This article was originally published on this site

Since our last post about Universal Themes we have fleshed out this idea and are using it to build all our themes.

The Problem

WordPress is introducing the Full Site Editor and with it new ways to build themes.  These themes are called “Block” themes and integrate deeply with Gutenberg Blocks. These types of themes require the use of the new (and still in development) Full Site Editor. 

The Site Editor is still being built, and block themes are in a nascent stage; they don’t yet offer the full gamut of features that will be available in the future. Block themes also require a very recent version of WordPress. How can we build themes which work with the classic dashboard to today and will continue to work with the Site Editor when it is more fully featured? This is the problem Universal themes are seeking to solve.

What is a Universal Theme?

Universal themes are an attempt to bridge the gap between the classic themes and block themes, by adding some layers to a block theme to make it work.

A Universal theme is a block theme that can use the Full Site Editor but can also be configured in a more classic way.  That means that you can use classic WordPress tools, like the Customizer, Menus and Widgets dashboards as well as the Site Editor.

Templates

Block themes load templates from the block-templates directory. However classic themes load them from the root. To ensure that we don’t end up duplicating code and that users can move between the Classic Dashboard and the Site Editor, we use the function gutenberg_block_template_part inside our classic templates. For example header.php:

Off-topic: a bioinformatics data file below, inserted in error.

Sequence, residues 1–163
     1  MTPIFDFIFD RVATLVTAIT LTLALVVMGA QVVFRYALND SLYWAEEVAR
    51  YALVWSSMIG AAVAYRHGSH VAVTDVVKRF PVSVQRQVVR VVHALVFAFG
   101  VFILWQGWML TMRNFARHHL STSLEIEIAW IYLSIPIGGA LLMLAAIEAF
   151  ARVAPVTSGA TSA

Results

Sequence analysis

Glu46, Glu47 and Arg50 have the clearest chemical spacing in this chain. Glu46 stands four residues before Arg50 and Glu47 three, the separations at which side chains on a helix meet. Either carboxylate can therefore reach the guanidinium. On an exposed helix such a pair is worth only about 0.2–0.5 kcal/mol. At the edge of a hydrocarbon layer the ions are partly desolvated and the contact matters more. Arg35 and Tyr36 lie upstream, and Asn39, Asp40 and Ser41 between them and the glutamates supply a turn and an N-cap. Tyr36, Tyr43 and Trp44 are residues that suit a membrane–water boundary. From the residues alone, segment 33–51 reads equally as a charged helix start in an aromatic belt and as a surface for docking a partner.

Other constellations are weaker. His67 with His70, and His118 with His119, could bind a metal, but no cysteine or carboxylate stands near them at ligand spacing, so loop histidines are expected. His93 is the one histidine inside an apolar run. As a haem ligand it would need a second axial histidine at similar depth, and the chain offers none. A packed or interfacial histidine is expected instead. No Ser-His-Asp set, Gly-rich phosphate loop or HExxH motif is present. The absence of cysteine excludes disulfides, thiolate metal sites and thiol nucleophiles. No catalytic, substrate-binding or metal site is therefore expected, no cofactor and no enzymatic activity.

<header class=”wp-block-template-part”>
<?php echo gutenberg_block_template_part( ‘header’ ); ?>
</header>

Internationalization

Because block themes use html templates, its not possible to translate any copy inside them. In most cases we can avoid putting copy inside our templates, but there are some cases where it is impossible, for example the 404 page.

In these cases we are simply providing a classic template instead of a block template so that the strings can be translated. We can avoid any issues of code duplication by using the approach described above for templates. Here’s the 404.php from Blockbase:

<?php
/**
* The template for displaying 404 pages (not found)
*
* @package Blockbase
* @since 1.1.1
*/
get_header();
?>
<main class=”container-404″>
<h1 class=”has-text-align-center has-medium-font-size”><?php _e( ‘Oops! That page can&rsquo;t be found.’, ‘blockbase’ ); ?></h1>

<p><?php _e( ‘It looks like nothing was found at this location. Maybe try a search?’, ‘blockbase’ ); ?></p>

<?php echo do_blocks(‘<!– wp:search {“label”:””} /–>’); ?>
</main>
<?php
get_footer();

Fonts & Colors

Global Styles allows themes to customize their font and color options via theme.json. This gives universal themes a way to modify the fonts and colors in a theme, by modifying theme.json. In Blockbase we have attached some hooks to the font and color controls in the Customizer so that when you modify them the changes are made in theme.json. This gives us a single source of truth for these settings.

Blockbase

We have created a universal theme called Blockbase, which can be used as a parent theme; any child themes created with Blockbase will automatically be universal themes. You can learn more about Blockbase at blockbasetheme.com.

Coda

Universal themes are a temporary measure. As the Site Editor continues to improve and more features are added, the need for universal themes will diminish. These wrappers will be made obsolete and in time universal themes will become block themes.